Bird Thought To Be Extinct Re-Discovered By Peregrine Fund Biologists

Bird Thought To Be Extinct Re-Discovered By Peregrine Fund Biologists
Biologists for The Peregrine Fund recently discovered the Madagascar Pochard, a medium-sized diving duck that was considered extinct by many until this recent sighting.

The National Director for The Peregrine Fund’s Madagascar Project, Lily-Arison Rene de Roland, and field biologist, Thé Seing Sam, discovered the rare bird while conducting avian surveys in a remote part of northern Madagascar.

"It's a very important find as far as the natural history of Madagascar," Madagascar and West Indies Projects Director Russell Thorstrom tells CBS 2 News.

The two scientists say they found nine adults and four juveniles that appeared to be about two-weeks-old.

"It's a good sign that we found males and females but also females that are producing young," Thorstrom says.

The Fund says the two biologists have returned to Madagascar for more conduct more observations.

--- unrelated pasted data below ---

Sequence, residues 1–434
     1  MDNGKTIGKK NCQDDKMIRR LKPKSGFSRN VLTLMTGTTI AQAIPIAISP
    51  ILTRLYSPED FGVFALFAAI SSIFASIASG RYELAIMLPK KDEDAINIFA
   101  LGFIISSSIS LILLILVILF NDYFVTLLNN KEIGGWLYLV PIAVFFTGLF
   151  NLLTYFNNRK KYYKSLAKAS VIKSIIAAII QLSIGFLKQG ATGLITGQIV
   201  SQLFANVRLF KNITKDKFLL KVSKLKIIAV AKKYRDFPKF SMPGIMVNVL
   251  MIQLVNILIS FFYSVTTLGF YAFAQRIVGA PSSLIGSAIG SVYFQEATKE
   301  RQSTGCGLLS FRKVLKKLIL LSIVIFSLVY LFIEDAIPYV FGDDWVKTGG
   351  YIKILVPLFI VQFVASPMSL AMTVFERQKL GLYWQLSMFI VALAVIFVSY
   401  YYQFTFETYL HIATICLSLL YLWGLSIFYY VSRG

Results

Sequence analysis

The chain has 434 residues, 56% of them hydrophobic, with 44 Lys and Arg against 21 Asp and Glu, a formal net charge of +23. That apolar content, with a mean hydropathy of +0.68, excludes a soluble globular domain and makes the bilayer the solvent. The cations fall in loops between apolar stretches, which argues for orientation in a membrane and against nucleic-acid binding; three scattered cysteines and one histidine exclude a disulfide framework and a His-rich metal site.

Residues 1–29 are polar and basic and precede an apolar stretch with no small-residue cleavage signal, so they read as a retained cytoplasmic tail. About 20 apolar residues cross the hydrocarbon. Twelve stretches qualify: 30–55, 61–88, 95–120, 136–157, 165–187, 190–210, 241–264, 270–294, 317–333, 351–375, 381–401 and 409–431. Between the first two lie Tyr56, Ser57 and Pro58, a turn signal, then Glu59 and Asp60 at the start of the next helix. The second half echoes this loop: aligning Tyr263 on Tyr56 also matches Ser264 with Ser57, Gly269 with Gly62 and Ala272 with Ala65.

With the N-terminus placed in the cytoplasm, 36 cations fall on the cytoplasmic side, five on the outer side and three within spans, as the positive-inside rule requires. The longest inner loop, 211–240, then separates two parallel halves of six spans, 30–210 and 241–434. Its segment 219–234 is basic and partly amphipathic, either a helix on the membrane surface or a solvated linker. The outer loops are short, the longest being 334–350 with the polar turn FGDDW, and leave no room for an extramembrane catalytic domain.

“This is an exciting discovery that strengthens our conviction that putting well-trained biologists into the field to learn about species is critical for conservation success,” said Rick Watson, International Programs Director for The Peregrine Fund.

The bird is one of the country's most rare and endangered species. The last time someone say the bird was in 1991 near Lake Aleatory, that's near the central plateau f Madagascar. The single male was captured and kept in a zoo and botanical garden till its death a year later.

The Peregrine Fund is working with the Madagascar government to help with species conservation and restoration in an effort to bring the bird back from near extinction.

Biologists with The Peregrine Fund have re-discovered two other species in the past. The Madagascar Red Owl and the Madagascar Serpent Eagle were spotted, photographed, and tagged by those biologists.